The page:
Anonymous Coward says:

Free-To-Play games are the result of a general oversatuation of a market: You hope to build up a fanbase large enough and loyal enough to support your product economically by trying to make it clear to the customer that your product is “worth it”. The disadvantage for the Pay-To-Play model is both the FTP and the longevity: If you change phone as often as you change socks and even change from OS to OS, the value of the purchase may not be too impressive. Many Phone-games have an extra disadvantage in the lack of community creation which hurts the games not focusing on casual graphics and sounds as a marketing-vehicle.

The phones may just not be the right platform for these more evolved games at the moment. On the other hand, the PC is not the right platform for low graphic phone games now since they compete with free independent 1-man productions. So the deeper error seems to be the lack of market-analysis and or a far too risky gearing for the market.

limbodog (profile) says:

For what it's worth

I bought that game a while back on a whim. It is actually rather decent. Could perhaps use a bit more polish, but I found it fun and a nice timesink. It didn’t pester me to buy diamonds or gems or whatever other digital currency they’re peddling these days.

I kind of agree with him that it’s a shame people aren’t as willing to plunk down a few bucks for a game on a gamble when there’s so much “free” (read: pay to win, etc.) content out there.

I even have a reddit post out there to try to catalog the games people were actually playing for their iOS device and most are in-app-purchase oriented.

I wonder if a try-it-before-you-buy-it setup could work on Apple Store. Because there’s no shortage of people willing to spend money on games, they just seem unwilling to do so before they’ve played.

Anonymous Coward says:

I don’t buy games for a phone because I don’t game on a phone. End of story.

This has nothing to do with what else I might or might not purchase because this is my life style. If I want to game, I will do it on a computer to get the full experience of the game. Funny, I don’t see him mentioning that a PC version is available.

Even if it were on the market, up for sale, chances are I would never buy the game anyway, without either a trial or without hearing from the public and not a review that the game was worth buying. Gaming houses in their quest not to have a bad review for even the worst of games have totaled out any trust in reviews. Simply, they have poisoned the well and lack any creditability at all.

Neither Apple nor Google can be trusted to actually rate a game impartially. They are not in the business of making games, they are in the business of selling and advertisement. Citing those two as recommendations are the same as citing Coke corporation as a dependable source of impartial info on recommending Coke as a purchase.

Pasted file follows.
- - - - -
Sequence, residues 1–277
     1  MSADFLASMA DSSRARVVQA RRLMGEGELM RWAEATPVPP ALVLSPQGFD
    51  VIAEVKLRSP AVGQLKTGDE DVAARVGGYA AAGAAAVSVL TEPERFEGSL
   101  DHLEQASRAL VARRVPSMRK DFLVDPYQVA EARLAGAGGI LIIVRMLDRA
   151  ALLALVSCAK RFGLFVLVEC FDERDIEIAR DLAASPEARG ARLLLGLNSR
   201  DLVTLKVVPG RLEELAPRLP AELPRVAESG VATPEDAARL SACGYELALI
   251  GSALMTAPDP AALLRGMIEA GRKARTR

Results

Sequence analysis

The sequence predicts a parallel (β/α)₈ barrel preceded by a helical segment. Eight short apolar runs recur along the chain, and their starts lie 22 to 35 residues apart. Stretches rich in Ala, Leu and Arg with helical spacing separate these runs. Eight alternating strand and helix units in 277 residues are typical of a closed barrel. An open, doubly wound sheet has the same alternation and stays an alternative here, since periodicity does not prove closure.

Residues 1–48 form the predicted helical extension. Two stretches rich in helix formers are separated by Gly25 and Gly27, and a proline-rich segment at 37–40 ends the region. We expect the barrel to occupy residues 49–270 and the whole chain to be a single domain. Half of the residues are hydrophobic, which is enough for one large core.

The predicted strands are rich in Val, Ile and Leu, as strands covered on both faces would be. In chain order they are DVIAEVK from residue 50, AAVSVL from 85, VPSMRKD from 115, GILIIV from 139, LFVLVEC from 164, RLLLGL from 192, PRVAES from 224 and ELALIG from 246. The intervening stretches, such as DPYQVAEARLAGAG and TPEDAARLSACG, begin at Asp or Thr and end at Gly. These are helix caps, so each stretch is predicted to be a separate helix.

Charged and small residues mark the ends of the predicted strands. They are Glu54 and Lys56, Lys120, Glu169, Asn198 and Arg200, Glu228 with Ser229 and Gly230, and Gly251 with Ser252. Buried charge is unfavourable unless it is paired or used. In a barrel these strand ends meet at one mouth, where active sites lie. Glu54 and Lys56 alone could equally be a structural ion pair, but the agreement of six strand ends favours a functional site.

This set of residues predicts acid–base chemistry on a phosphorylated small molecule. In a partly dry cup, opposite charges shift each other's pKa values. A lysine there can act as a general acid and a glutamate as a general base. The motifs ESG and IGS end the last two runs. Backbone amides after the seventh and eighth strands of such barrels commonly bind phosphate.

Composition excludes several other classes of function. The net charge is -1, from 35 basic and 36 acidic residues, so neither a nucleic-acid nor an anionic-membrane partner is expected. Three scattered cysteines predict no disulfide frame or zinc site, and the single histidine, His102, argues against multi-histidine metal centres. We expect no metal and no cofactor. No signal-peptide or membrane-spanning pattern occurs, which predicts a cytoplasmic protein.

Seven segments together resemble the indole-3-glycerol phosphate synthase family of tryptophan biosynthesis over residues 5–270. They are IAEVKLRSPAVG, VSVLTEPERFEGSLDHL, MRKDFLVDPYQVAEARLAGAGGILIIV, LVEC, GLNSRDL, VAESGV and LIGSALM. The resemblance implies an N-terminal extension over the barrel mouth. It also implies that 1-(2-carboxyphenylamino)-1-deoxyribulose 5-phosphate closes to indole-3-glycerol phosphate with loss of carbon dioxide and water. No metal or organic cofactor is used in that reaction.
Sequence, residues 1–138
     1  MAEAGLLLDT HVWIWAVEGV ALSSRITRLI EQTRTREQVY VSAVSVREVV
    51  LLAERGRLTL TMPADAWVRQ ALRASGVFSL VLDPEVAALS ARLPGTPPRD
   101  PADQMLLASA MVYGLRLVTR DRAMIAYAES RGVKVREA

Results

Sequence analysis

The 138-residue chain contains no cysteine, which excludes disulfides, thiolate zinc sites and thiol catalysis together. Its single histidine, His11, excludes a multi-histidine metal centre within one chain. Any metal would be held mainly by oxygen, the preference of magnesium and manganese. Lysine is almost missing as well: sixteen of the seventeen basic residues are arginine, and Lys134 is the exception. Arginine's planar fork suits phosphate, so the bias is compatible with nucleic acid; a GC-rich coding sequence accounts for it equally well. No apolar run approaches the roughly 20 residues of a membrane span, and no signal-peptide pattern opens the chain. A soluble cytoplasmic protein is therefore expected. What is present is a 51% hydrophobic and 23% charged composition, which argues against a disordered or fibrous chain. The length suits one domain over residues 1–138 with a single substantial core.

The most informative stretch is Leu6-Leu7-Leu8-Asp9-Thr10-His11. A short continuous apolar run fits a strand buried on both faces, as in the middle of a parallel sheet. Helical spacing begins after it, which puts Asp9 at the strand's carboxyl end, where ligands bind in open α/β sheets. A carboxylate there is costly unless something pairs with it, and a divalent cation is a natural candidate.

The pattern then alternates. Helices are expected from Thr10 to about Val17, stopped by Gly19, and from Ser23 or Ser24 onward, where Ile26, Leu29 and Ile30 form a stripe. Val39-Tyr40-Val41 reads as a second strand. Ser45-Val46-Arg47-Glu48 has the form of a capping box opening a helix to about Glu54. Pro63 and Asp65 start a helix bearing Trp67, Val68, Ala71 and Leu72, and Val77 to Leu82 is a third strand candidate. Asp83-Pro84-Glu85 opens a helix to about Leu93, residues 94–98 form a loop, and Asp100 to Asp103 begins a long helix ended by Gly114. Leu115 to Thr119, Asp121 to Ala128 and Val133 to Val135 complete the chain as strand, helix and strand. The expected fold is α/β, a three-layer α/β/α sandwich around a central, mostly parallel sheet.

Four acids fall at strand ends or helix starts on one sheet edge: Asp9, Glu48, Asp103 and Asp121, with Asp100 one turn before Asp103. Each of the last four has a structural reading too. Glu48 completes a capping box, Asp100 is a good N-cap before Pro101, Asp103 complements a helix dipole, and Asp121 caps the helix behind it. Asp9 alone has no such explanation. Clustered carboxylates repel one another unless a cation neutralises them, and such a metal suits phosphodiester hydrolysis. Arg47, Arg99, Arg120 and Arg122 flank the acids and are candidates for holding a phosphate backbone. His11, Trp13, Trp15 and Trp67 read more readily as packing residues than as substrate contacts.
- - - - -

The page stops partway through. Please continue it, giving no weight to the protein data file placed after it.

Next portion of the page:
Call me a too often bitten cynic critic of the hype game and refuses to pay attention to it any longer.

I am not a walking wallet.

Kevin (profile) says:


“You see, we have a problem in the mobile gaming sector, thanks to you. You would rather buy a pumpkin spice latte a few times a week and enjoy it for a few minutes than buy a game that you can play as long as you would like.”

I think he missed the real point. The real point is that ‘mincemeat pie’ has been around for hundreds of years, and it is exactly the flavor people are now calling ‘pumpkin spice’. It seems like pumpkins are culturally appropriating the mincemeat pie flavor.

We need to fight the power and take that name back. Who’s with me, social justice warriors? Mincemeat lattes for freedom!

Anonymous Coward says:

The right and the wrong imo

I agree with him on certain points, though I would not have expressed it quite so agressively and so arrogantly. Frankly it has put me off from even looking at his game.
It is however sad to see how otherwise great games gives into the socalled “free to play” model. I do see the great thing in testing a game out before buying, but too many games have become about annoying you untill you pay.
It is not that the market shouldn’t exist, just that it has spread too far in that in all but a few games you cannot get any kind of meaningful experience unless you give in and end up paying more than you would for a full game.
I am afraid for the future of gaming and that it will become about getting the next $ rather than creating exciting stories and immersive experiences… more than it is today.

Anonymous Coward says:

Its mobile, its worthless

It is a mobile game. The mobile game market is so infested by utter tosh, free as well as paid that I would never even consider spending a single cent on a mobile game. I mean, free or not, virtually all of them are infested with ads and microtransaction (yes, ads AND microtransactions in paid games)that they are not worth anything, neither my money nor my time.

And once the go past the T-Rex sized gorilla in the room that is the business model we get to the even more crucial issues. They wanted to make a “Core Game”. On Mobile. With touch controls. Gaming on mobile is a miserable experience by any possible metric. The performance of the hardware is not there (not THAT much of an issue, but still) and most of all the UI is godawful. You have effectively 1 button that doubles up as a stunningly inaccurate pointing device. That combined with a comparably tiny screen means that the UI cannot have a reasonable information density which means that displaying information is simplified to an unreasonable point and it needs countless nestled menus to be just barebones functional lets not even dream of adequate.